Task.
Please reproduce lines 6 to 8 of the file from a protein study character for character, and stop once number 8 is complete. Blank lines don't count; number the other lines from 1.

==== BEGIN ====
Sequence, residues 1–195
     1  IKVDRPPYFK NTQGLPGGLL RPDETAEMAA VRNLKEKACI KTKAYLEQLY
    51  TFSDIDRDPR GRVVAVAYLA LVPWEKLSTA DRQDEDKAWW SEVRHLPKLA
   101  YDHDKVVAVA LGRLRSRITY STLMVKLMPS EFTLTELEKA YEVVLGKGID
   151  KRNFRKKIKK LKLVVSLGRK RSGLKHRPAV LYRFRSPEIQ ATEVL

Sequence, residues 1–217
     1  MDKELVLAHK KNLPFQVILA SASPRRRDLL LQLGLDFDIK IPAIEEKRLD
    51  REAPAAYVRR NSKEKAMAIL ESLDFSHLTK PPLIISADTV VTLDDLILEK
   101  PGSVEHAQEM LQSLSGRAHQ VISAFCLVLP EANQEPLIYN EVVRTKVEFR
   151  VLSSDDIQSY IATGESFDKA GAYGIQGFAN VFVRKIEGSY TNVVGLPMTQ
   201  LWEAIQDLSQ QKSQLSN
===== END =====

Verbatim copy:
Sequence, residues 1–217
     1  MDKELVLAHK KNLPFQVILA SASPRRRDLL LQLGLDFDIK IPAIEEKRLD
    51  REAPAAYVRR NSKEKAMAIL ESLDFSHLTK PPLIISADTV VTLDDLILEK